I was inspired by a personal event to create an easy, non-invasive technique to help patients get an "early" and "accurate" diagnosis of Parkinson's, wherever they are around the world. Traditional methods of extrapolating the severity of Parkinson's Disease from patients are often time-consuming, take numerous rounds of tests and still stay undiagnosed; the cost is exorbitant, and invasive and inconvenient to the body. I was reading a study of a simple, new test that patients could take to find their UPDRS (Universal Parkinson's Disease Rating Scale) rating, and I decided to build upon it. There was a problem in that study; only those who had special equipment and access to a medical facility could leverage what was being done. I wanted to bring this capability to the patient with a minimalistic process, easy access, and with accuracy for as many people as possible.

What it does

The Noninvasive Parkinson's Detector is a mobile app that can be used to detect the mobility section of the UPDRS scale in less than five minutes using a series of tests. The first test is the Static Spiral Test, in which the patient traces a spiral shown on the screen. The app takes into account how much the user's hand-drawn path meanders from the actual spiral. The second test, the Dynamic Spiral Test, is similar to the Static Spiral test, except the spiral on the screen flashes on and off, forcing the patient to keep track of the spiral's shape, intending to be more difficult. The app stores the instant accelerations of each of the two tests in its respective histogram, and the Mobility UPDRS score is derived from the L2 Norm of the histograms. The closer the score is to 0%, the healthier the patient is. The third test, the Stability Test, measures how stable the patient can keep their finger on a certain point for ten seconds. Again, the lower the score, the better shape the patient is in.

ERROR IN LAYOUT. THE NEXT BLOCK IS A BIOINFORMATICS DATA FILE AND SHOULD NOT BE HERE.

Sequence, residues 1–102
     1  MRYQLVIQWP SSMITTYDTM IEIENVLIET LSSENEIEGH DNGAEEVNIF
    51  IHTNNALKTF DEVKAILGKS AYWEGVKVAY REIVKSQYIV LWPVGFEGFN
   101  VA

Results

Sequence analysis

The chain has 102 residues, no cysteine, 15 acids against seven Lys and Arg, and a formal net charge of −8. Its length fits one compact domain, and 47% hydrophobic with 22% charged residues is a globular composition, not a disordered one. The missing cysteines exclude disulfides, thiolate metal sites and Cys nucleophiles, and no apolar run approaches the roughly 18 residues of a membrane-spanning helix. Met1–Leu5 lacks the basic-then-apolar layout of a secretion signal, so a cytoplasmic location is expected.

After every test, the app generates a line-graph which plots the user's acceleration when drawing (pixels/unit time^2). This is also a visual indicator to show how well the patient is performing; if the graph is more-or-less closer to the x-axis, the lower the UPDRS rating. There is also an info button on the top right which gives clear instructions as to how the patient may take the test.

How I built it

I built this app using Dart/Flutter, enabling cross-platform iOS and Android capability. I used several libraries such as GestureDetector and Charts to create the app. I also used the graphic design tool, Adobe Illustrator to design the logo.

Challenges I ran into

Some challenges include finding the correct way to mathematically calculate the rating, accommodating for display metrics as some devices have a notch or wider screens, and how to create a pop-up modal. Although these took me some time to figure out, I am proud to have finished it.

Accomplishments that I'm proud of

I am proud to have created a simple but effective tester that can be accessible by anyone all around the world, without needing special equipment or medical facilities - which at this time, are really booked and busy with Coronavirus patients.

What I learned

I learned how to use GestureDetector to draw on the screen, how to create line graphs, and how to use statistics to calculate the UPDRS score.

What's next for MobiTest

I am currently looking to collaborate with a neurologist who can review or refer this app to his or her patients, so I can possibly get more data and use machine learning for alternate tests. I am also working on a feature where patients can save their previous tests, keep track of trends, and send them to their doctor.

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